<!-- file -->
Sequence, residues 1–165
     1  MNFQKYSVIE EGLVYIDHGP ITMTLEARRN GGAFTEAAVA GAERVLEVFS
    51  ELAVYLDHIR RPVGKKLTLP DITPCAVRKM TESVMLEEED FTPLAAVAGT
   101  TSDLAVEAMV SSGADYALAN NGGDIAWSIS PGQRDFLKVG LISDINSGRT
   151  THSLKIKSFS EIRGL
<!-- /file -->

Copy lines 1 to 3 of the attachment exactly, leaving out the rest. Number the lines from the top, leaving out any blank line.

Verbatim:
Sequence, residues 1–165
     1  MNFQKYSVIE EGLVYIDHGP ITMTLEARRN GGAFTEAAVA GAERVLEVFS
    51  ELAVYLDHIR RPVGKKLTLP DITPCAVRKM TESVMLEEED FTPLAAVAGT